Setting up a Subversion on Leopard (OS X 10.5)...

This is much easier in Leopard.

Here's how:

First off, we have to set up Apache2. Prior to Leopard, this was complicated, as Tiger shipped with a 1.x version of Apache, and the Subversion module only worked with version 2. Since Leopard comes with Apache 2 by default, and when you install XCode 3 you get subversion, you have everything you need, and you only have to perform configuration. We'll change the port we liste on from port 80 to port 8008, tell Apache to load the shared libraries that it will need, and setup a "svn" directory location, where we will serve the repository from:

  1. First, in Terminal, cd /private/etc/apache2
  2. Now let's open the file for editing, using the "vi" editor: sudo vi httpd.conf (We use vi because it will allow you to save it directly over the existing configuration file, since we are running it with superuser privileges)
  3. In the file, we'll first change the port we'll listen on from port 80 (the standard http port), to port 8008: Listen 80 becomes Listen 8008
  4. Next, we have to tell apache to load the modules we need, specifically the dav svn module, and the svn authorization module. Conveniently, these two modules have already been compiled, and are available in the libexec directory under apache2, so all we have to do is add them to the httpd configuration, below the other LoadModule lines in httpd.conf
    • LoadModule dav_svn_module libexec/apache2/
    • LoadModule authz_svn_module libexec/apache2/
  5. You'll notice that on the last line of httpd.conf, that it includes everything in the "other" directory. So we'll put our svn configuration file there:
    • cd other
    • sudo vi httpd-svn.conf
    • <Location /svn>
        DAV svn
        SVNParentPath /Users/rmartell/repositories
      1. Now that Apache has the basic setup, we need to create the repository directory, and create a repository in that directory:
        1. Create the directory we specified in the httpd-svn.conf file
          • cd /Users/rmartell
          • mkdir repositories
          • cd repositories
        2. Use the svnadmin tool to create the actual repository:
          • svnadmin create Sample
          • Since Apache, by default, runs under the www account, so does the Subversion server. We need to give ownership of the files in the repository to www, so that the server can write to them
            sudo chown -R www Sample
        At this point, we are totally setup, so we need to start Apache. In the System Control panel, go to Sharing, the click on Web Sharing. This will start Apache2. To verify everything is working, in the Terminal we can use the command line svn tool to list the files:
        svn list http://localhost:8008/svn/Sample
        Or we can point our browser at it, by typing in http://localhost:8008/svn/Sample into the address bar. There is nothing listed currently, because we have nothing in the Repository yet. I'll go into adding files (and working with the repository) in a later post. But you shouldn't see any error messages!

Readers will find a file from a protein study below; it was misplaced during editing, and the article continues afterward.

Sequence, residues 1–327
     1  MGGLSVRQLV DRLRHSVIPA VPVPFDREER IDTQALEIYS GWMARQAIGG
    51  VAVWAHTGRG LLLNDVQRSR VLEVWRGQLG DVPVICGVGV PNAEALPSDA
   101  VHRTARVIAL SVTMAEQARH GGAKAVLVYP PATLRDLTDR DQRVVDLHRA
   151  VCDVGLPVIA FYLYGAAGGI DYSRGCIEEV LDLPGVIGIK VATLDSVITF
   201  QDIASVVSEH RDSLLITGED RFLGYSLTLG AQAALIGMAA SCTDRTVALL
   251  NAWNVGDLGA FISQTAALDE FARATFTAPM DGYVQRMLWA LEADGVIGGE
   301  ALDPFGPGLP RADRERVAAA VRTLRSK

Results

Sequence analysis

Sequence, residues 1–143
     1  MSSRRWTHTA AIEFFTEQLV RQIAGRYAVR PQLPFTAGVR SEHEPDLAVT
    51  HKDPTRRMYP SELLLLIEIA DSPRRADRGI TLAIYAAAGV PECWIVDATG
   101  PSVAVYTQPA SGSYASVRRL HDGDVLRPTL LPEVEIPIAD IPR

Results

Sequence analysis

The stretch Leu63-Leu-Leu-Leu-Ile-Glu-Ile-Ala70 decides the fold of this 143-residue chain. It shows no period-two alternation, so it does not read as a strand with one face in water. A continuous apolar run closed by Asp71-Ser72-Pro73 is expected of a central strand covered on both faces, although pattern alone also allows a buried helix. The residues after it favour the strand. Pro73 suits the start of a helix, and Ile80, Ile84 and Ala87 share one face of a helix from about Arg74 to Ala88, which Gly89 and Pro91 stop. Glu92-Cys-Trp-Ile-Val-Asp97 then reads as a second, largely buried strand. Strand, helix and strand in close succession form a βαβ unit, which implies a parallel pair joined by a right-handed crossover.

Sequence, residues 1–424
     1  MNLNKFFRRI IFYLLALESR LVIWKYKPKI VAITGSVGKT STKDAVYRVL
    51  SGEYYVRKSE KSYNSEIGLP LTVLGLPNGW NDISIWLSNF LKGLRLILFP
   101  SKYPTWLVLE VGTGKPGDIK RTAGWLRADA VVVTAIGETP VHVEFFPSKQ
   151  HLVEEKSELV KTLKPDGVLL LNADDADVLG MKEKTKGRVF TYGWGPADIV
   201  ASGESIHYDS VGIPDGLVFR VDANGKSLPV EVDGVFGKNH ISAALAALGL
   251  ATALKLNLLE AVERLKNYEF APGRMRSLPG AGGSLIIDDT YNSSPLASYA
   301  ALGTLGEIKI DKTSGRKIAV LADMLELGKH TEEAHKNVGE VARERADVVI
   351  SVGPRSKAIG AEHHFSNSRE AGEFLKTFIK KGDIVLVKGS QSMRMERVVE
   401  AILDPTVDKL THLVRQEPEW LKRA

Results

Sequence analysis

We could stop there, but currently anyone in the world that knew where our Repository was would be able to download our code, as well as make changes to it. Since this isn't a great idea, we're going to add basic authentication:
        1. cd /private/etc/apche2/other
        2. sudo vi httpd-svn.conf
        3. Below SVNParentPath, we add:
            AuthType Basic
            AuthName "Subversion Repository"
            AuthUserFile /private/etc/apache2/svn-auth-file
            Require valid-user
        4. Now we have to create the authorization file sudo htpasswd -c svn-auth-file username (we enter our password twice- this is the Subversion user password, not our administrator password!)
        5. That's done, so to test it, we enter into our browser address bar http://localhost:8008/svn/Sample and it will present us with a login box for the Subversion Repository Realm. When we enter our username and password, we will connect!

        Now you have to have a login to check out the code or to check code in. If you were working on an open source project, and wanted everyone to have access to the code, but only registered users to be able to check the code in, you can modify the httpd-svn.conf file appropriately:
        1. cd /private/etc/apache2/other
        2. sudo vi httpd-svn.conf
        3. Replace Require valid-user with
            Require valid-user

        And you're done!

        When I get around to it, I'll show how to use the SCM features on XCode to connect to your repository, as well as how to add SSL to your repository! Hope you found this useful!